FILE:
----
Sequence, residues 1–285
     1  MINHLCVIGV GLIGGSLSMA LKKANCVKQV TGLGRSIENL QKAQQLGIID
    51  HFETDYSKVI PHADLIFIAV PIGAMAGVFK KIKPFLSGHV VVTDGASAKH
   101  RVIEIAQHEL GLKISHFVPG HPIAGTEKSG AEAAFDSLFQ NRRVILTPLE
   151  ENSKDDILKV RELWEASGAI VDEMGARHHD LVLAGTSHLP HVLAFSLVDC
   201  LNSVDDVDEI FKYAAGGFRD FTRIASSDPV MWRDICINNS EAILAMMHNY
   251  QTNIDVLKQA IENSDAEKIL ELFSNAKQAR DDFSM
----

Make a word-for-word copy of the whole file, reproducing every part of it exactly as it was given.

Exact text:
Sequence, residues 1–285
     1  MINHLCVIGV GLIGGSLSMA LKKANCVKQV TGLGRSIENL QKAQQLGIID
    51  HFETDYSKVI PHADLIFIAV PIGAMAGVFK KIKPFLSGHV VVTDGASAKH
   101  RVIEIAQHEL GLKISHFVPG HPIAGTEKSG AEAAFDSLFQ NRRVILTPLE
   151  ENSKDDILKV RELWEASGAI VDEMGARHHD LVLAGTSHLP HVLAFSLVDC
   201  LNSVDDVDEI FKYAAGGFRD FTRIASSDPV MWRDICINNS EAILAMMHNY
   251  QTNIDVLKQA IENSDAEKIL ELFSNAKQAR DDFSM